1. Maximum driving range: Car manufacturers reduce the available charge from the battery (and the driving range) in order to guarantee the battery’s longevity. It is one of the key tradeoffs between available charge capacity, fast charging, and battery longevity (hence warranty). This, again, is the role of a more intelligent BMS.
  1. Extended battery warranty: EVs have traditionally offered 100,000 miles of warranty. But, if you look closely, the fine print warrants that only 70% of the original driving range remains after 100,000 miles. So if your EV has a nominal driving range of 300 miles, the warranty covers you only if the driving range drops below 210 miles after 100,000 miles. Not ok! Yes, you guessed it, it’s the BMS function.

Fast charging, maximum driving range, and battery warranty form a triangle of tradeoffs. An EV maker must balance these three conflicting parameters. If they add more fast charging, then they must sacrifice warranty or driving range….and vice versa. This game of whack-a-mole makes today’s EVs fall short of market expectations. Next-generation of EVs must include intelligent BMS that are able to break this limitation. The technology exists.

The intelligent BMS diagnoses the battery in real time, assesses the likely degradation mechanisms and the battery’s health at that moment in time, then dynamically makes the necessary adjustments to optimize the operation of the battery. It is “computation” meets “chemistry.”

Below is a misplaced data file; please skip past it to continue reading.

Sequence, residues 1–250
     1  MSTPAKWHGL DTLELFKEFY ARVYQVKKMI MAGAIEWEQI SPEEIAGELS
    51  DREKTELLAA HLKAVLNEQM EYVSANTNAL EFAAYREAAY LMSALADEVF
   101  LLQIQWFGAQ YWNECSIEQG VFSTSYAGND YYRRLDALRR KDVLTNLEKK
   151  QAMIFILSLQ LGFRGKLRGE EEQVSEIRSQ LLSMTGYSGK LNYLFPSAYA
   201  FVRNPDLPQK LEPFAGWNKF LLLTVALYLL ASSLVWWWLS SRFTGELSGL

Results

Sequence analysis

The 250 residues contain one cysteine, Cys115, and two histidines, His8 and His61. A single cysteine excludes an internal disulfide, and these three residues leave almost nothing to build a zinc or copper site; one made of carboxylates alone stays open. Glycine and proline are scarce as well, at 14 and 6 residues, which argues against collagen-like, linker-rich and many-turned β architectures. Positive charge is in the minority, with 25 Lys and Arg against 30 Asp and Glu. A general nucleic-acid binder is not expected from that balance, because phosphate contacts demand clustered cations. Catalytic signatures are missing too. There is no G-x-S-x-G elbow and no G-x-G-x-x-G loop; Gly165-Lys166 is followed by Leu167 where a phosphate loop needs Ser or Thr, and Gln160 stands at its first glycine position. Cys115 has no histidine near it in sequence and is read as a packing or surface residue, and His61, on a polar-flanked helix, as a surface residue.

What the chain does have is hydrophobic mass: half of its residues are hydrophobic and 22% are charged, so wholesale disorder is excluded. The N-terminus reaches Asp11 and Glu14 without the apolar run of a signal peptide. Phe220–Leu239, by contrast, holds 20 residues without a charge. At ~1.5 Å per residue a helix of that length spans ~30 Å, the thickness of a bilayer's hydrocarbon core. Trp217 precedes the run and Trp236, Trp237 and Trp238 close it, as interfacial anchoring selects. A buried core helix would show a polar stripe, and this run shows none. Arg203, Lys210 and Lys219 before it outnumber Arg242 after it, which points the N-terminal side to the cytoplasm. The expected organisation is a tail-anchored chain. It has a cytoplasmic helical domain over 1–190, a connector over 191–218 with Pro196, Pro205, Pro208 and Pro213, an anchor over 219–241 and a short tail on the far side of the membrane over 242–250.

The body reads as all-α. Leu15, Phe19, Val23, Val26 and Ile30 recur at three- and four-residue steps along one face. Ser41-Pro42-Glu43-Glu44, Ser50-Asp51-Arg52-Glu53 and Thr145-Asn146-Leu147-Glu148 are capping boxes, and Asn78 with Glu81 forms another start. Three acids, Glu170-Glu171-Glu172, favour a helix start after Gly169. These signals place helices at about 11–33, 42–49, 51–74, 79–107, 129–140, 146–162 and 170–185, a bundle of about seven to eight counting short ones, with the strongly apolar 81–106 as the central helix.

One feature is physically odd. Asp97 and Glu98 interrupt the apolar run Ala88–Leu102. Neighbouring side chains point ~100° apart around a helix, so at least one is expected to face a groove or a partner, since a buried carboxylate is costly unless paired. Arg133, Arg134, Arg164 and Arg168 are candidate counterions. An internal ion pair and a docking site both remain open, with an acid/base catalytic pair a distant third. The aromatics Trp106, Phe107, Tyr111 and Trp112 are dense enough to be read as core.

In part 2, I will cover the suppliers of BMS and their integration into the EV.

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12Aug 2020

Three factors contribute to the mass penetration of electric vehicles:

  • Driving range that eliminates range anxiety;
  • Lower cost batteries for affordable vehicles;
  • Availability of fast charging.

A common denominator is the battery’s energy density: it is the amount of electrical energy per unit volume (or per unit weight) that a rechargeable battery can store. Energy is measured in units of kWh. Hence energy density is in units of Wh per liter (Wh/l), or Wh per kg (Wh/kg). State-of-the-art energy density figures for lithium-ion batteries stand today near 700 Wh/l and 300 Wh/kg.